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  • Digital Beings & Virtual Times: The Politics of Cybersubjectivity
  • Timothy W. Luke
Nicholas Negroponte’s Being Digital (Knopf, 1995)

This review speculatively reconsiders some vital questions about personal agency and social structure in the cyberspaces generated by telematic systems. Its speculations depart from and return to the Wired commentaries that Nicholas Negroponte recently published as Being Digital. As the key overseer at MIT’s Media Lab, Negroponte has used his book to tout the exciting new world of “being digital” as it is being invented in his digitizing workshops. Bigger questions, however, go unanswered or unasked in this book, and this review begins to correct these omissions.

Most of these missing issues can be tied back to a basic distinction that Negroponte makes much of Being Digital out of as a rhetorical document. And, one long quotation gets us immediately to it. A consummate example of symbolic analyst yuppiedom, Negroponte begins his book by musing about the one-liter bottles of Evian water at two different meetings in Florida and California.

Unlike most of the participants, I knew exactly where Evian was from my timetables. Evian, France is more than five hundred miles from the Atlantic Ocean. Those heavy glass bottles had to traverse almost one-third of Europe, cross the Atlantic, and, in the case of California, travel an additional three thousand miles....Today, I see my Evian story not so much being about French mineral water versus American, but illustrating the fundamental difference between atoms and bits. In the case of Evian water, we were shipping a large, heavy, and inert mass, slowly, painfully, and expensively, across thousands of miles, over a period of days. When you go through customs you declare your atoms, not your bits....This is changing rapidly. The methodical movement of recorded music as pieces of plastic, like the slow human handling of most information in the form of books, magazines, newspapers, and videocassettes, is about to become the instanteous and inexpensive transfer of electronic data that move at the speed of light....the change from atoms to bits is irrevocable and unstoppable. 1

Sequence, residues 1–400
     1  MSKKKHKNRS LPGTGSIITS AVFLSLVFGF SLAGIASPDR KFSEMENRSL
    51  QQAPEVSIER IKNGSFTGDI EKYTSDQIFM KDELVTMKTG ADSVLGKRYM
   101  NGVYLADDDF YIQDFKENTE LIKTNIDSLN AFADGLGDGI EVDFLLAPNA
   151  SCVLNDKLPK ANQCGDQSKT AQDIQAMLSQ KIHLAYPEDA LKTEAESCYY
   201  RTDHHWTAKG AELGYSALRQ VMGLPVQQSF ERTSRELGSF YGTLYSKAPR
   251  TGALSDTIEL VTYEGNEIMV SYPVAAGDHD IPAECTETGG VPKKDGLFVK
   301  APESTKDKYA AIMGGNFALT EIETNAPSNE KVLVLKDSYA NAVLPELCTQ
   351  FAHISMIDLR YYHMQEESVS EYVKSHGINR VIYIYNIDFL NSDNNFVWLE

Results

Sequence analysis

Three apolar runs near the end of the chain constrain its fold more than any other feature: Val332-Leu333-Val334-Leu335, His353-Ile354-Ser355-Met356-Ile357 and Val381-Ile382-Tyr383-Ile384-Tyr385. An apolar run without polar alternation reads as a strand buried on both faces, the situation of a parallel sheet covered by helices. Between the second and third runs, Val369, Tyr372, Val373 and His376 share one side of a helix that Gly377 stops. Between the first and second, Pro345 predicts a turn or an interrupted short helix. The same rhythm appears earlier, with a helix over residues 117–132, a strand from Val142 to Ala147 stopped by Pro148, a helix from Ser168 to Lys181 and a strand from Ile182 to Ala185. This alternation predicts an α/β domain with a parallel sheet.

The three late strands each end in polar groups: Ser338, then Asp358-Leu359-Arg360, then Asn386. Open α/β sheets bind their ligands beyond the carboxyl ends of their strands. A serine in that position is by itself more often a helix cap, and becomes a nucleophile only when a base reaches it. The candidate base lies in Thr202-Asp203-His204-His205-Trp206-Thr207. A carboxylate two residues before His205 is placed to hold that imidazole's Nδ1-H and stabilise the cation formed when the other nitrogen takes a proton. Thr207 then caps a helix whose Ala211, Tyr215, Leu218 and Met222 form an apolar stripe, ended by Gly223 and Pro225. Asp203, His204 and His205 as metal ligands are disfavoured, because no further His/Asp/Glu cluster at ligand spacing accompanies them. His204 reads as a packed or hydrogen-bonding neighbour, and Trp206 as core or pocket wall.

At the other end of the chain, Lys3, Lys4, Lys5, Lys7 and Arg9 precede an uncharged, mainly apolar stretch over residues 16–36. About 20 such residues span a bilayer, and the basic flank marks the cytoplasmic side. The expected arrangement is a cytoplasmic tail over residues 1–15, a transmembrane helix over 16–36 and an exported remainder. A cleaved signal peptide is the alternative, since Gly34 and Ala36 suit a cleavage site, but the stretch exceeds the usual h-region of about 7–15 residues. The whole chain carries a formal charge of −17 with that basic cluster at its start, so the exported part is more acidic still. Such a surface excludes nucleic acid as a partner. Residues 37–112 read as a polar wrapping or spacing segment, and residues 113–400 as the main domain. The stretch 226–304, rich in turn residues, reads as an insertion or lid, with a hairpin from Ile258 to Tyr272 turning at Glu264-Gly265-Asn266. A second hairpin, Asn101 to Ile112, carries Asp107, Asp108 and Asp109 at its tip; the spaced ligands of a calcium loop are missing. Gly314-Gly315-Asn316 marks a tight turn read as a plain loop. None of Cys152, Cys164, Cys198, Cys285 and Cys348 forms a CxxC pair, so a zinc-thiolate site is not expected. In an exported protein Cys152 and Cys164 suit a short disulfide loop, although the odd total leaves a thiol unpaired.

Of course, these digital flows always require an atomic infrastructure of wires, circuits, transmitters, chips or relays to work, but Negroponte glosses over this messy detail to celebrate the conditions of “being digital.”

Given how pervasively cyberspaces are being constructed from the (con)fusions of computers with wired and wireless telecommunication networks, we need to explore more closely what new types of individual and collective subjectivity are becoming possible in such spaces. Although Nicholas Negroponte calls these existential modes “being digital,” I prefer the notion of “cybernetic subjectivity,” because it captures more fully the sense in which human beings experience new forms of consciousness and agency through the telematic channels provided by computerized calculations, communications, codes. 2 Subjectivity ordinarily suggests those qualities possessed by conscious beings with significant individuality, agency, personality, and I want to consider how these qualities could be rearticulated radically through cybernetic systems.

I. Some Varieties of Digital Being

Preliminary forms of digital being arise wherever a system of governmentality inscribes its power/knowledge codes upon large populations of human beings. In such settings, one can witness proto-digital beings taking shape in statistical populations (large pools of data) and among statistical persons (individual data packets) of various magnitudes and dimensions. 3 Popular wisdom in the ancient mainframe days of interfacing with the machine’s CPU through mechanical card readers acknowledged the possibilities for such a digital being by directing everyone not to “bend, fold, spindle or mutilate.” As subjectivities that can be variably configured out of data streams, which are forming, in turn, from the divergent discourses of their statistical manufacture, our digital ancestors first were fabricated as operational traces within disciplinary force-fields to be managed as consumers, citizens or clients by the bureaucratic apparatuses which become fused, or perhaps (con)fused, with them in all of their (wo)man/machine interactions. 4 Voting behavior in contemporary mass democracy discloses many of these traits. Voters are imagined as machinic bundles of stable pre-formed preferences inclined to make choices in predictable, transitive, rational decisions. One only must find their “hot buttons,” and then push them in...

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